With a background in engineering and years of diesel training under him, Strube makes sure he applies what he’s learned over the years to his engine work. One such example is a build Rich just recently finished for a customer with a 2015 GMC Denali and a LML Duramax engine. The customer was looking to increase the performance of his daily driver, but also have some fun at the track.
“I’ve done a ton of LMLs in the last few months, but this was a cool blue one that we just finished putting together,” Strube says. “We did a generic resurfacing of the block down to a 600 grit just to make sure everything is perfect twice over. It’s all juiced out, so it’s all clean and there’s no risk of contaminants. From the deck down it’s OEM GM. It uses the stock rods and pistons. We did stud the engine and we took the heads off and ported the heads.”
What isn’t stock on this 2015 LML Duramax build is a full HSP airflow enhancement, a 10mm stroker pump, bigger injectors, a Fleece 64mm turbocharger, 116-lb. springs, bigger 3/8ths 121 pushrods, and titanium keepers and retainers from Manton.
“The rocker arms are still stock right now,” he says. “He was going to do the Manton set up, but I kind of cut him off there. It would have been a little bit crazy for a street engine. We’re also working on a water injection system for it currently. I had a local shop fab up a stainless-steel reservoir tank for it. We also had HSP redo one of the boost pipes for it with five NTP ports in it, so we can put a plethora of different water nozzles in it.”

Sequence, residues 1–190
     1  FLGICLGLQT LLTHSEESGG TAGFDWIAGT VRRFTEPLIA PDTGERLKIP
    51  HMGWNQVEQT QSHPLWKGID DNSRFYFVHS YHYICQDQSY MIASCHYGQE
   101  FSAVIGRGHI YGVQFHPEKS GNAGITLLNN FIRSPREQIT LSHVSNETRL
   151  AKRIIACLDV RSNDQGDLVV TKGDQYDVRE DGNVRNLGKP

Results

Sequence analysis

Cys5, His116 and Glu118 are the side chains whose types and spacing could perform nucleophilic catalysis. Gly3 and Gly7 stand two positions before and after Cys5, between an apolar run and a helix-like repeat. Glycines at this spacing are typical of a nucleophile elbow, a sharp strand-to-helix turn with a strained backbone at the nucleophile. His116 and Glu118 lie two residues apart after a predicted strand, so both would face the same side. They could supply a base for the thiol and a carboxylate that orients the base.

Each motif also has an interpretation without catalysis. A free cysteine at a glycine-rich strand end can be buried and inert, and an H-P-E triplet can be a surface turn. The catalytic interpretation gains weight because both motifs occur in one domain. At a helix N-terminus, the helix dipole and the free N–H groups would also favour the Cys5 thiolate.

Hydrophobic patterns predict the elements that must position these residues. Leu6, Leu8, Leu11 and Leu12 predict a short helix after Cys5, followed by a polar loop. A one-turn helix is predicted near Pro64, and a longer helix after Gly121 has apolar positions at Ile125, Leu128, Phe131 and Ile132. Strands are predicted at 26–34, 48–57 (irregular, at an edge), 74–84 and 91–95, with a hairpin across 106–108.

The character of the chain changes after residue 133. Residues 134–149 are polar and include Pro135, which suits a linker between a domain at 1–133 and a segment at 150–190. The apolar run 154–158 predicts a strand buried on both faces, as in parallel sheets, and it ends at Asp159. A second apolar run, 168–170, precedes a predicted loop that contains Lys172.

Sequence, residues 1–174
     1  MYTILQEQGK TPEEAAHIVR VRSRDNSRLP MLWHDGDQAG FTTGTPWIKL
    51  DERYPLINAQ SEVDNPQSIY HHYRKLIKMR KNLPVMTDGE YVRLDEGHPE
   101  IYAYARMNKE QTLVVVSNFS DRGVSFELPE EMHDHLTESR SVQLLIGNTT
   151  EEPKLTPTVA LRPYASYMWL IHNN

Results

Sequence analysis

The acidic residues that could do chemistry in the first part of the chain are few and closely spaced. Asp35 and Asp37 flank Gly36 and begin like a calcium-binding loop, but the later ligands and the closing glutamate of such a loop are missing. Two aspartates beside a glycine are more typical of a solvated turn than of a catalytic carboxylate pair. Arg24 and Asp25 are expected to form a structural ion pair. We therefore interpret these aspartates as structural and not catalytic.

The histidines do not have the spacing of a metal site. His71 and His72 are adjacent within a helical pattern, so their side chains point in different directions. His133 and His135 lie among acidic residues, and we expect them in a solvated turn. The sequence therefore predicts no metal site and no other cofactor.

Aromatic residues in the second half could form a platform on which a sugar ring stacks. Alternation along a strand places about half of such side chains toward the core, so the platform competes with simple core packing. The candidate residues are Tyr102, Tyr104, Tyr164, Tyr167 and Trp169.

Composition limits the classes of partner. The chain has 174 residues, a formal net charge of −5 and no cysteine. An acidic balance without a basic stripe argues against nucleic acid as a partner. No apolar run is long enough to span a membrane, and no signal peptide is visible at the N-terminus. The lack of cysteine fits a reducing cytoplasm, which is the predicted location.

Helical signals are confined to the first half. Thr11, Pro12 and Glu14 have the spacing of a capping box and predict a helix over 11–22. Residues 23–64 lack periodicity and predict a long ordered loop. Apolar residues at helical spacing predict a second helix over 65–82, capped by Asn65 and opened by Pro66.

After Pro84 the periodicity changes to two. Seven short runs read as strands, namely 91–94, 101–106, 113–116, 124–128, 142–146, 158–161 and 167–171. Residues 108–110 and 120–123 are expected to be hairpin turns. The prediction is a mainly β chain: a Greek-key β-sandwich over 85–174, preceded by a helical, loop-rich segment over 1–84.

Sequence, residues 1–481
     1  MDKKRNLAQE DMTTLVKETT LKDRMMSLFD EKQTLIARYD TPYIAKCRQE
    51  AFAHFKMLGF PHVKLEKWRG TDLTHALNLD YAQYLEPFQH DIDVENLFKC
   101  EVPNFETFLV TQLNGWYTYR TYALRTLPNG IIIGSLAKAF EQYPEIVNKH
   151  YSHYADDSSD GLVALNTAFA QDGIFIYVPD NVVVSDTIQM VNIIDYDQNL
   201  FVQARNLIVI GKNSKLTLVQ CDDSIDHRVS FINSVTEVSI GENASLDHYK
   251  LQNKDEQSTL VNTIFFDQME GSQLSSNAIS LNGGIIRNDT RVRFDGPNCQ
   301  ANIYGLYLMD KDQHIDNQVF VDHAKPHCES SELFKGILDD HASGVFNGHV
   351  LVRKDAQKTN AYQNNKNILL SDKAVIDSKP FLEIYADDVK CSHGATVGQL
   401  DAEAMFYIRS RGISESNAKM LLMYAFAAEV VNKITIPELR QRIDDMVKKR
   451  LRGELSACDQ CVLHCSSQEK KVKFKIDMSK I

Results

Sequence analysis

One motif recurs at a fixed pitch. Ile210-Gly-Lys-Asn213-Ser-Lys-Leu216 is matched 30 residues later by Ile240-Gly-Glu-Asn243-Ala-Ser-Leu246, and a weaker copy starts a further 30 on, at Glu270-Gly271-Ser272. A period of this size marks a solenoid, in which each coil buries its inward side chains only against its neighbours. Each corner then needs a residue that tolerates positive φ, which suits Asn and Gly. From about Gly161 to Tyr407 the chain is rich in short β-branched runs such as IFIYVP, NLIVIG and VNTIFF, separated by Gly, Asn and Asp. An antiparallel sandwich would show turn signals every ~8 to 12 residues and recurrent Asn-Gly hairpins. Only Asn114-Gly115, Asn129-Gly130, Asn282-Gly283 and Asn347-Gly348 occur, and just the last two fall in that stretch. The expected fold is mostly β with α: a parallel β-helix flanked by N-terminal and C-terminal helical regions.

Strube admits this isn’t an Earth-shattering build, but with expectations of 650 horsepower, this LML will be a nice, clean package for a customer who will likely upgrade it down the road.
“He knows he’s going to blow it up eventually and he’s waiting to do so,” Strube says. “The customer is looking for something fun on the strip and the street. The water injection stuff still has to go in the truck. We were hoping to have it done by Rudy’s, but that’s not going to happen now since we don’t have the water system in.
“I told him once he puts the bigger injectors in that thing, he’s playing Russian roulette with that bottom end. It is an LML and I’m a little reserved about trying to make serious power on that stock crankshaft.”
Helping keep things running as smoothly as possible is a few quarts of AMSOIL pumping through this engine.
“I use AMSOIL 100%. I’m a firm believer in AMSOIL,” Strube says. “AMSOIL has supported us for over 20 years, and I have a full stock of AMSOIL here on a shelf that’s got to be 40-feet long.”
What does provide a bit of extra flair to this LML build is the customer’s decision to deck out the engine bay in a flashy blue color.
“The engine is going in a GMC Denali and the customer went crazy on color matching everything,” he says. “The whole entire engine bay is painted in a color called Playboy blue. Despite nothing real crazy about this build, it’s one of the more memorable recent ones I’ve done.”